There are a lot of things that could have been going through Robert Covington's mind on Friday night as he set his feet on an open patch of court and watched the ball swing in his direction.
The previous five weeks had been another one of the roller coaster rides that have typified the fifth-year forward's career. While he'd shaken off a recent 16-for-60 slump by making 20 of his last 46, even this stretch had been interrupted by a memorable 0-for-5 in Miami. With Covington, performances like that seem to stick a little longer in the craw of the public consciousness. Barely six minutes into Friday night's tilt against the miserable Nets at the Wells Fargo Center, he was standing near the sideline in the home end of the court when a shout of "TAKE OUT ROCO" tumbled down from the stands.
Yet three quarters later, there the Sixers were, staring down the barrel of a brutal late-season loss, a two-point deficit on the scoreboard, 39, 38, 37 seconds remaining, two Nets defenders charging at JJ Redick, a soft spot bubbling open deep on the right wing. And there was Covington, sliding into the void, and squaring his body, and thinking the only thing he could possibly think.
"You ain't gonna know the outcome of a shot if you don't take it," he said later.
Nearly four years have passed since Covington first emerged on the scene as one of the less-publicized test cases in Sam Hinkie's process. An undrafted four-man out of Tennessee State with an intriguing combination of athleticism and soft hands, he was the exact sort of flier a team in the Sixers' position could take while tearing their roster down to the studs. After a seven-game stint with the Rockets ended on waivers, he landed in Philly and immediately began extending his rope. His first 27 games with the team saw him shoot 42.8 percent from deep while embodying the defensive identity Brett Brown hoped to instill in his team.
A lot has changed in the interim. Of the 25 players who saw action for the Sixers in that 2014-15 season, Covington is the only one that remains. There is a way to read his resilience as one of those underdog stories that the city in which he plays is supposed to embrace. Just a kid from Chicago who started with nothing and continues to show up to work with his hard hat each day. He is one of only three players on the roster to appear in at least 66 of 68 games for a team that is just one game away from owning one of the Eastern Conference's top three playoff seeds.
Yet, he also wears a bull's-eye: a tribute, perhaps, to the contempt that familiarity can breed. No doubt, he is a player prone to maddening stretches, one of which lasted for the whole first half of last season. He shot just 29.7 percent from downtown in those first 40 games, often to the accompaniment of a chorus of boos from a home crowd weary of four straight seasons of losing. He opened the season on a tear, connecting on 48.7 percent of his attempts in his first 15 games, but the last four months have been a gradual regression to the mean.
At the same time, Covington's mean is a baseline that has increased in value as the weapons that surround him have continued to improve. The shot against the Nets — a 26-footer with 35.9 seconds left that gave the Sixers the lead for good in a game they would win, 120-116 —was emblematic of this. A defense that had sagged into the paint in preparation for a Ben Simmons drive, scrambled out with a kick-out pass to Redick setting up deep, which left Covington with a wide-open look, a situation where he has converted on 40-plus percent of his attempts over the last two seasons.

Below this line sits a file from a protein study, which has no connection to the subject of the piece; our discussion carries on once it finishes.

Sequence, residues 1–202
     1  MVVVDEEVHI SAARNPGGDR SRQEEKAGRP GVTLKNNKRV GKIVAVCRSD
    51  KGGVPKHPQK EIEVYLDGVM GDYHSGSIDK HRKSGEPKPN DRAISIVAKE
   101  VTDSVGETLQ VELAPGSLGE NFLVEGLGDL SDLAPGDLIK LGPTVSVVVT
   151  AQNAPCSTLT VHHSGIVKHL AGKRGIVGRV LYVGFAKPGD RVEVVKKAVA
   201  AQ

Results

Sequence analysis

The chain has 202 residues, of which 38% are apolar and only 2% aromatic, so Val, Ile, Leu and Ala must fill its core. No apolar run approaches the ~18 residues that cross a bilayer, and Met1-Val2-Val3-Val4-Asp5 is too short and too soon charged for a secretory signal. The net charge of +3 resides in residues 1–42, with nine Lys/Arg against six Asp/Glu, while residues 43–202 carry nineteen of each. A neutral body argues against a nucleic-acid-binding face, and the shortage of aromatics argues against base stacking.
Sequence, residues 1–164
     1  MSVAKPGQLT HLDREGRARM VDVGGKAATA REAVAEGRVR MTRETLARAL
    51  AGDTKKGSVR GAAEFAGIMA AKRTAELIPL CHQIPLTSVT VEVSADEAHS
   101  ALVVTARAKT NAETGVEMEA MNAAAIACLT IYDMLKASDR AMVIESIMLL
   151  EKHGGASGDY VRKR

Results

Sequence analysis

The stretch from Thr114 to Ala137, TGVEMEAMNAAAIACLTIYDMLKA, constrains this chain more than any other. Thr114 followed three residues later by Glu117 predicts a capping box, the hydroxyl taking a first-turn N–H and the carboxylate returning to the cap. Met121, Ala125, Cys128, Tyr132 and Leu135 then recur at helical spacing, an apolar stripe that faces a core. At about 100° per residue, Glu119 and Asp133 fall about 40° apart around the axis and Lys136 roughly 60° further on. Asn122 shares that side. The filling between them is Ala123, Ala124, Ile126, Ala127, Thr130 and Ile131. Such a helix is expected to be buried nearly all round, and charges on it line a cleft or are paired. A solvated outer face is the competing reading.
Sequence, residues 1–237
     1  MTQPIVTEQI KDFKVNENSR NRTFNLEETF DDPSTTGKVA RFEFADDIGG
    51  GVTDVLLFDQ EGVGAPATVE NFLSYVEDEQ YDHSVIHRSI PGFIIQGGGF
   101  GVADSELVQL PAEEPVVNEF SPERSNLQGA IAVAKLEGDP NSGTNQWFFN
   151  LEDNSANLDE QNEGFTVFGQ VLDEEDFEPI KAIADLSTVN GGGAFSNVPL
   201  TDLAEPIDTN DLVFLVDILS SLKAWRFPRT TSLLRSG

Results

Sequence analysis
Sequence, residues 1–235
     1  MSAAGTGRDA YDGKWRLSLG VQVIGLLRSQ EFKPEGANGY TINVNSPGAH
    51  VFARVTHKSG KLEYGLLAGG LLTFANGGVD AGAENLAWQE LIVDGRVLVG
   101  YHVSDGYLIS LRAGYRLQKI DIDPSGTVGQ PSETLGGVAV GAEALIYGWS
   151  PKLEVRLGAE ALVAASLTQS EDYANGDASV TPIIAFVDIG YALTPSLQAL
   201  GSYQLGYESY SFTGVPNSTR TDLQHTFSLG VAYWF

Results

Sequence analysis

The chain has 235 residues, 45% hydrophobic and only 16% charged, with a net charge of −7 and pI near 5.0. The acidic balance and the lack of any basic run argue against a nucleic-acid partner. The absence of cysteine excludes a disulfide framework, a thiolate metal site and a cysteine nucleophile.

"I feel like he's going to make it every time he shoots the ball," Simmons said, "no matter where it's from."
Covington's polarizing presence isn't all that surprising given that his production itself tends toward the poles. Through 66 games, he had a .403 shooting percentage in the 37 wins and .341 in the 29 losses, a 62-point spread that is markedly higher than the splits of the teams' two other regular long-range shooters (Redick is shooting 20 points lower in wins, Dario Saric 33 points higher).
Then again, that speaks to the importance of Covington's presence on the court. After falling behind early against the Nets on Friday, it was their three-point shooting that allowed the Sixers to claw their way back into the game.
"If you pass up on shots, then you never know if the next one is going to go in," Covington said. "If you still have that rhythm, you still have the shot, you still have to take it no matter what. A lot of times, I take shots that feel good but they don't go in, but the next one might go in. You don't know if you don't take it."
At 38-30, the Sixers are in sixth place in the Eastern Conference with 14 games remaining. While Covington's most important role will always come on the defensive end of the court, his ability to knock down shots will play a critical role in how far they go.
"This is something we haven't experienced in a very long time, the position that we are in," he said. "So this next month is going to be crucial for us. It's going to allow us to dictate if we are going to have home-court advantage or if we are going to be away. It's the opportunity of a lifetime. Not a lot of people get to experience this."